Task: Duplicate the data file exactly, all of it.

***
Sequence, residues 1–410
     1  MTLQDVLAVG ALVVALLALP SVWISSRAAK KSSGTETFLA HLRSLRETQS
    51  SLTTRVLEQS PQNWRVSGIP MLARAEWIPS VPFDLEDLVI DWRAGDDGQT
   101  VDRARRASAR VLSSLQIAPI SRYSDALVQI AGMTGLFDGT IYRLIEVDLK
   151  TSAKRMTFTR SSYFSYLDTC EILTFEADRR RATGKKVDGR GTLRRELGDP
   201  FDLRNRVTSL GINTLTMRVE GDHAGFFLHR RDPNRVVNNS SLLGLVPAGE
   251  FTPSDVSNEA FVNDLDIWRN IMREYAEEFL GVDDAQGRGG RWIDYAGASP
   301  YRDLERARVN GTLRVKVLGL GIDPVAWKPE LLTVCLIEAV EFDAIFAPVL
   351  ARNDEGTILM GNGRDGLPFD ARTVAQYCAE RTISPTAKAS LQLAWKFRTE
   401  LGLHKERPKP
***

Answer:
Sequence, residues 1–410
     1  MTLQDVLAVG ALVVALLALP SVWISSRAAK KSSGTETFLA HLRSLRETQS
    51  SLTTRVLEQS PQNWRVSGIP MLARAEWIPS VPFDLEDLVI DWRAGDDGQT
   101  VDRARRASAR VLSSLQIAPI SRYSDALVQI AGMTGLFDGT IYRLIEVDLK
   151  TSAKRMTFTR SSYFSYLDTC EILTFEADRR RATGKKVDGR GTLRRELGDP
   201  FDLRNRVTSL GINTLTMRVE GDHAGFFLHR RDPNRVVNNS SLLGLVPAGE
   251  FTPSDVSNEA FVNDLDIWRN IMREYAEEFL GVDDAQGRGG RWIDYAGASP
   301  YRDLERARVN GTLRVKVLGL GIDPVAWKPE LLTVCLIEAV EFDAIFAPVL
   351  ARNDEGTILM GNGRDGLPFD ARTVAQYCAE RTISPTAKAS LQLAWKFRTE
   401  LGLHKERPKP